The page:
University leaders also took to social media to pay tribute to the outgoing minister. Craig Calhoun, director of the London School of Economics, said Mr Willetts’ departure was “a loss as UK’s universities and science minister”, describing him as “a thoughtful leader whether one agreed with all his policies or not”, while Sir Richard J. Evans, president of Wolfson College, Cambridge, said he was “sorry David Willetts is leaving his post”. “I hope his replacement also values universities,” he tweeted.

Patrick McGhee, former vice-chancellor of the University of East London, tweeted that the fees reforms had “been a disaster, but [Mr Willetts] genuinely believed in a diverse sector, students, mobility and the importance of teaching”.

“My worry is that a new HE minister will have a remit to keep the cost of HE via loans down. This could be bad news for the post-92 sector,” Professor McGhee said.

David Willetts won acclaim from many in the science community during his four years as minister.

He won a cash ring-fence for the science budget – although many have raised concerns at how inflation is now eroding this settlement – and helped to boost long-term investments in science capital after initial cuts.

Jeremy Farrar, director of the Wellcome Trust, expressed gratitude at his “tireless work” and for “proving himself a progressive force in the argument for open access to research”.

“His common sense and clear commitment to research and higher education has been a breath of fresh air. He will be sadly missed across government,” he said.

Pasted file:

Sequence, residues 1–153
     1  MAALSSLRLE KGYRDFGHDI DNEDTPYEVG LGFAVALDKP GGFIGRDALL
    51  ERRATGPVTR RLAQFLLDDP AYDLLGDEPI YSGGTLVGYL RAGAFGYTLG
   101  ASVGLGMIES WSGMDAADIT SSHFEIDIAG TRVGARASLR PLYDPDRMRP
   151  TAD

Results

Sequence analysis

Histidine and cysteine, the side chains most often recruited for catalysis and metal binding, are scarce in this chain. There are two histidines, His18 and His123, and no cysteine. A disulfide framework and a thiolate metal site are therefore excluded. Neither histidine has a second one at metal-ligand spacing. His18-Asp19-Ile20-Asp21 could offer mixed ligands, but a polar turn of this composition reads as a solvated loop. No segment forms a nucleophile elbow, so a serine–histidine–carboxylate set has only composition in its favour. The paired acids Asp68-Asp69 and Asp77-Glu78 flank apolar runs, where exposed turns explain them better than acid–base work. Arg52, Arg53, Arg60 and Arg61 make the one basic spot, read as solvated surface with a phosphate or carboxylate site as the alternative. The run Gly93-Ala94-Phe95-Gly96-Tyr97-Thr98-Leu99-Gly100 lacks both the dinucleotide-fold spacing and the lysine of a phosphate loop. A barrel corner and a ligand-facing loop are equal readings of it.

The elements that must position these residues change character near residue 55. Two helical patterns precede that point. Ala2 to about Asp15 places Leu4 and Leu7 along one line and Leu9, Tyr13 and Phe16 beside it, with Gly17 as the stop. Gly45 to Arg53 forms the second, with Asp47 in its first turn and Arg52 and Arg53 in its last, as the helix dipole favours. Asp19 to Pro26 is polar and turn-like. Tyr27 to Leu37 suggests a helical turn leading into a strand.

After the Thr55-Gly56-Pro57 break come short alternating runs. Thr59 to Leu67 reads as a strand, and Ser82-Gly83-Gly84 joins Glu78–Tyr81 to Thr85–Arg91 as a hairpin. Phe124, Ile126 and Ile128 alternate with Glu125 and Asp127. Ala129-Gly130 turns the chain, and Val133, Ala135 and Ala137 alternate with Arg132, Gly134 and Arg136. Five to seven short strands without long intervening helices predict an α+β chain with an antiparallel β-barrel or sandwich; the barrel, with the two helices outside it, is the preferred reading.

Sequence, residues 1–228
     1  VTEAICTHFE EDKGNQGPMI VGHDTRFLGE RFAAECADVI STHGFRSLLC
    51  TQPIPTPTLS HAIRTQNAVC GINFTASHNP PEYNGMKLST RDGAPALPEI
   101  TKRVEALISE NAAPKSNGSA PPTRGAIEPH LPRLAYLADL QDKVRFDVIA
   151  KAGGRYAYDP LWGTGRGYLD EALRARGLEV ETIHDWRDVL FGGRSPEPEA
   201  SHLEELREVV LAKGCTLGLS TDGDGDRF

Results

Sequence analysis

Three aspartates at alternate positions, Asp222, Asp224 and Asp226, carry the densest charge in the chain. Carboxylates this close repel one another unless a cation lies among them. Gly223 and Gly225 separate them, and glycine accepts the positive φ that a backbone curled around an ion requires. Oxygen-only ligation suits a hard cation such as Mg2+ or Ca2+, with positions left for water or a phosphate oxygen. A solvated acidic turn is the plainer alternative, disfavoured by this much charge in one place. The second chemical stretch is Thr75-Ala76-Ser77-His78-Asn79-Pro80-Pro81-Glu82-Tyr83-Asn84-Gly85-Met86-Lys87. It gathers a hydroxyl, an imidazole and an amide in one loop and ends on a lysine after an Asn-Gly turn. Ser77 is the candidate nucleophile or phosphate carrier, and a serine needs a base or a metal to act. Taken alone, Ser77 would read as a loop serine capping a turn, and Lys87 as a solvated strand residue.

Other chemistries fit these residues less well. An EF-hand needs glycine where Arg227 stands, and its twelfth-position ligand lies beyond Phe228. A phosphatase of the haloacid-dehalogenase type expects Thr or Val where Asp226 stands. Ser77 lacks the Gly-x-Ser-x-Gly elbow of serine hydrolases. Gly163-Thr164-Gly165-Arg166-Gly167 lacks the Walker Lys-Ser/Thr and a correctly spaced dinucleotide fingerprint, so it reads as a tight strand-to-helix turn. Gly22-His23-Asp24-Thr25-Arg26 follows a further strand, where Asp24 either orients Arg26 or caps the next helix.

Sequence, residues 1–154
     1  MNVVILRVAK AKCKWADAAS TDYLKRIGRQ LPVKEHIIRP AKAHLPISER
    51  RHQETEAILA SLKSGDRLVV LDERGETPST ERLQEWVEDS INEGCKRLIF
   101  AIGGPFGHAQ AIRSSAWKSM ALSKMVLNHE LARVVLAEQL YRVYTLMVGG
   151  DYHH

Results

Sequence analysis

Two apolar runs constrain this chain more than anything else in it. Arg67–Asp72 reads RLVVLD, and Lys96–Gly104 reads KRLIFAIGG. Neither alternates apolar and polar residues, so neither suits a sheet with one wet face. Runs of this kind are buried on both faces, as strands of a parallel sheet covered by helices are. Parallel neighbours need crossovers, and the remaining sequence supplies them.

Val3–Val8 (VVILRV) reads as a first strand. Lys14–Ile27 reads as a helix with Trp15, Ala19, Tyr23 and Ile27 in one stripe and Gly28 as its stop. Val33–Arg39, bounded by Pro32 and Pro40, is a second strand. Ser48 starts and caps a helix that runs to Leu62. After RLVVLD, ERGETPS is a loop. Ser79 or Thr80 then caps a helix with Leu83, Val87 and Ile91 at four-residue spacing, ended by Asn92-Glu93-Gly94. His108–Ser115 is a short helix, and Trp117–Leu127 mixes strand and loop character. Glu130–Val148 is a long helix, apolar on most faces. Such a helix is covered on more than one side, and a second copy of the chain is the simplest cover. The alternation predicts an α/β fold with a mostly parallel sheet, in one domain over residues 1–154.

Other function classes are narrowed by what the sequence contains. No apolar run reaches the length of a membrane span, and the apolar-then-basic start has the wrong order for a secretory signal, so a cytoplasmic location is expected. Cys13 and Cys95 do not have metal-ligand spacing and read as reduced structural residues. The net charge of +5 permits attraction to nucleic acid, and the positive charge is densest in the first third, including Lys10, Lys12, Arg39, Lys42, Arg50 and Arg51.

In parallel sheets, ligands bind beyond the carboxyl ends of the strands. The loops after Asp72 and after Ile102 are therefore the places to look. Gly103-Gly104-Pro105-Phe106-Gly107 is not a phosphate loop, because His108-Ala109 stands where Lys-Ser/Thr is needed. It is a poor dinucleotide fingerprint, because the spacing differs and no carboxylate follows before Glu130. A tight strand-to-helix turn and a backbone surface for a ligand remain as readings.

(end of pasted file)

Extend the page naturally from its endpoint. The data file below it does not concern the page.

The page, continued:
Sir Colin Blakemore, professor of neuroscience and philosophy at the University of London, added that the scientific community owed Mr Willetts “a huge debt”.

“Despite the fact that he’s not a scientist, he went native. His personal affection and enthusiasm for science have been crucially important in sustaining the government’s commitment to science through challenging times,” he said.

Imran Khan, chief executive of the British Science Association, said that he is “one of the UK’s sharpest and most talented politicians” and that “you’d be hard-pressed to find many in our sector who have a bad word to say about him”.

One of Mr Willetts’ more controversial policy decisions was to channel £600 million of investment into selected innovations, known as his eight great technologies.

Many criticised the move for “picking winners” by concentrating research and development funding in specific fields while other promising technologies missed out.

But Iain Gray, chief executive of the Technology Strategy Board, said that the eight great technologies policy has “helped mobilise the joint efforts of universities and business working together”.

Sarah Main, director of the Campaign for Science and Engineering, said of Mr Willetts: “He was liked and respected throughout the sector for ‘getting it’, whether each policy was welcomed or not.

“He has set the scene for his successor to capitalise on the high level political support for science he engendered by securing substantial long-term investment.”

Holly Else

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Reader's comments (3)

It is a disappointment to see David Willetts step down at this time. He has gone out of his way to defend universities, to develop new initiatives, to challenge colleagues who introduced barriers, to promote international and transnational HE and to develop a more diverse but high quality sector. He was one of those rare ministers who worked hard to understand the complexities of both his universities brief and his further brief in science. At this stage his successor has not been announced, though one of the expect favourites has been appointed to a cabinet role. It is to be hoped that the new appointment will be as far sighted as David and will seek to gain an early understanding of the increasingly challenged sector. Finally, it has been announced that David is stepping down from political life. Nonetheless, it is to be hoped that he continues to contribute to the great and current policy debates.